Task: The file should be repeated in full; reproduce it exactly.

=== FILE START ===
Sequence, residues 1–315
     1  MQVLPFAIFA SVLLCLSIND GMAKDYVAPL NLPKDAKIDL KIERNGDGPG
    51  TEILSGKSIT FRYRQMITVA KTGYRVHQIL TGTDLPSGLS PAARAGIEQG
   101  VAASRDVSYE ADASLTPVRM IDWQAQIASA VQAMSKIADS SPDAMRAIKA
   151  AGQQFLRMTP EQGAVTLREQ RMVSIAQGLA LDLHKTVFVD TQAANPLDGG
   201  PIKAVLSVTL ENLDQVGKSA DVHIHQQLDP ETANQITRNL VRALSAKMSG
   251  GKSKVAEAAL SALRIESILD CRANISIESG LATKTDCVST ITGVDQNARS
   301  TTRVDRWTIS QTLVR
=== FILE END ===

Sequence, residues 1–315
     1  MQVLPFAIFA SVLLCLSIND GMAKDYVAPL NLPKDAKIDL KIERNGDGPG
    51  TEILSGKSIT FRYRQMITVA KTGYRVHQIL TGTDLPSGLS PAARAGIEQG
   101  VAASRDVSYE ADASLTPVRM IDWQAQIASA VQAMSKIADS SPDAMRAIKA
   151  AGQQFLRMTP EQGAVTLREQ RMVSIAQGLA LDLHKTVFVD TQAANPLDGG
   201  PIKAVLSVTL ENLDQVGKSA DVHIHQQLDP ETANQITRNL VRALSAKMSG
   251  GKSKVAEAAL SALRIESILD CRANISIESG LATKTDCVST ITGVDQNARS
   301  TTRVDRWTIS QTLVR